The Respondent is an individual based in the Islamic Republic of Iran. According to IRNIC's verification, he registered the Disputed Domain Name <amazonn.ir> on March 18, 2015, <amzon.ir> on August 26, 2017, and <amazan.ir> on December 30, 2017. The Disputed Domain Names <amazonn.ir> and <amzon.ir> are being used to resolve to an online retail store, whilst the Disputed Domain Name <amazan.ir> is currently inactive.

5. Parties' Contentions

A. Complainants

The Complainants' contentions can be summarized as follows:

(a) The first Complainant was incorporated in July 1994 and launched its online retail store featuring books via "www.amazon.com" in July 1995. The first Complainant completed its initial public offering in May 1997 and is currently listed on the Nasdaq stock exchange under "AMZN". The second and third Complainant are affiliates of the first Complainant. The Complainants constitute one of the world's largest online retailers, offering products and services in over 100 different countries. Their products and services include books, cloud services, music, video streaming, games and software, electronics, health and beauty, toys, clothing, etc.

(b) The Disputed Domain Names <amazonn.ir> and <amzon.ir> currently resolve to an online retail store. The Disputed Domain Name <amazan.ir> is currently inactive. After the Complainants became aware of the Disputed Domain Name <amazonn.ir> and the related online shopping platform, they issued a letter to the Respondent on December 6, 2016 demanding that the Respondent cease to use any marks that are similar or identical to the Complainants' trade marks and requested them to transfer the Disputed Domain Name <amazonn.ir> to the Complainants. However, the Respondent did not comply with the Complainants' letter and has continued to use the Disputed Domain Name <amazonn.ir>. The Complainants subsequently became aware of the fact that the Respondent had also registered the Disputed Domain Names <amzon.ir> and <amazan.ir>.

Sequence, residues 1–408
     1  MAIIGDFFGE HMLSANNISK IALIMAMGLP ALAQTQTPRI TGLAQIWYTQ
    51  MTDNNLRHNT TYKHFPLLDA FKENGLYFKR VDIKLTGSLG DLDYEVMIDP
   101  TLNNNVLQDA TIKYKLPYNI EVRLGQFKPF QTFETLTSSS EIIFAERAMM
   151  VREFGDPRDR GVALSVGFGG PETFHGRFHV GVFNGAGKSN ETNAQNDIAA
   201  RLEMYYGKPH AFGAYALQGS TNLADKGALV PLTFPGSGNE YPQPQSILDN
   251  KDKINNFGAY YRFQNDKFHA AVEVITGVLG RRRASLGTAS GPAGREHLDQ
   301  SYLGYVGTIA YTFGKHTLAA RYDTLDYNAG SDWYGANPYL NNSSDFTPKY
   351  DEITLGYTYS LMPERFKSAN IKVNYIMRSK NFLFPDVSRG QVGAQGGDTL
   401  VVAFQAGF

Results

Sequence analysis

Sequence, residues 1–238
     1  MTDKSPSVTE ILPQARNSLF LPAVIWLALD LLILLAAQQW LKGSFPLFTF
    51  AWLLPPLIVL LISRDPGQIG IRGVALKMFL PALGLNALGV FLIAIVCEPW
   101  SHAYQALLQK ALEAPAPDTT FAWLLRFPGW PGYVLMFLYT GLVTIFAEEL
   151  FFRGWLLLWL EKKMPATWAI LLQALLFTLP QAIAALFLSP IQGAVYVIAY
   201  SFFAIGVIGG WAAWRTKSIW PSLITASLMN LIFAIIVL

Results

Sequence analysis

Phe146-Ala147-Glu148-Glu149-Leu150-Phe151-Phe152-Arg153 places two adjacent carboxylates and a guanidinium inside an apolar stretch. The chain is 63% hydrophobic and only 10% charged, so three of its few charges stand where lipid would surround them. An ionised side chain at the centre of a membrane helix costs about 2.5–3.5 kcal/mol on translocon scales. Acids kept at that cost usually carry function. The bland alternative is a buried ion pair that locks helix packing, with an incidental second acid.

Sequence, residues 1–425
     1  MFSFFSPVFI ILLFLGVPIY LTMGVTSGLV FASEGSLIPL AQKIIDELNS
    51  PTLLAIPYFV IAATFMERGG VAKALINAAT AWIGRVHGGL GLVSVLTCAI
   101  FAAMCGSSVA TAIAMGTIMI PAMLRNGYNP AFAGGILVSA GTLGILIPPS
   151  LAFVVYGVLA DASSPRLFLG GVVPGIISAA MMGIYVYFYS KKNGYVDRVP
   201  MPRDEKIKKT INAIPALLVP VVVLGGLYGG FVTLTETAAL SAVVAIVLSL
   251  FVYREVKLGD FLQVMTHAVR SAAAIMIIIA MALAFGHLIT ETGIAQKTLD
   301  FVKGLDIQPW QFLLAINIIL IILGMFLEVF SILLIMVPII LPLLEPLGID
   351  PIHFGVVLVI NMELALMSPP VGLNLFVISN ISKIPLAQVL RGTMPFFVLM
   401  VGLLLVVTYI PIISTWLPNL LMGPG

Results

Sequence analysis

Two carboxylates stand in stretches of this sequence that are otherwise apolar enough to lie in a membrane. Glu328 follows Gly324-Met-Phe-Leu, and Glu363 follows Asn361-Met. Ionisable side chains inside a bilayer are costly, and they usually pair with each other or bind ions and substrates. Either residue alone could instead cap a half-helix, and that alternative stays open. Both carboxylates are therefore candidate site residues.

(c) The Complainants and their affiliates own more than 1,400 trade mark registrations worldwide for marks consisting or comprising of the sign "Amazon", including in the United States and various countries bordering on or in the same region as the Islamic Republic of Iran, where the Respondent is based. The Complainants' United Sates trade mark registrations include AMAZON.COM and AMAZON, the earliest of which was registered on July 15, 1997 and July 15, 2003, respectively. The Complainants trade marks were applied for and issued many years before the Respondent registered the Disputed Domain Names. Previous panelists in Uniform Domain Name Dispute Resolution Policy ("UDRP")1 proceedings have found that the Complainants' AMAZON trade mark is well-known and famous. The Disputed Domain Names are confusingly similar to the Complainants' AMAZON trade mark, as they incorporate the Complainants' trade mark save for minor typos involving one letter. The misspellings do nothing to detract from this confusing similarity, and they remain visually and phonetically confusingly similar to the Complainants' AMAZON trade mark. The Respondent is a typo-squatter, and has deliberately chosen the Disputed Domain Names as they are one erroneous key stroke away from the Complainants' well-known trade mark. This is a misappropriation of the Complainants' goodwill in relation to the AMAZON trade mark and their "www.amazon.com" website.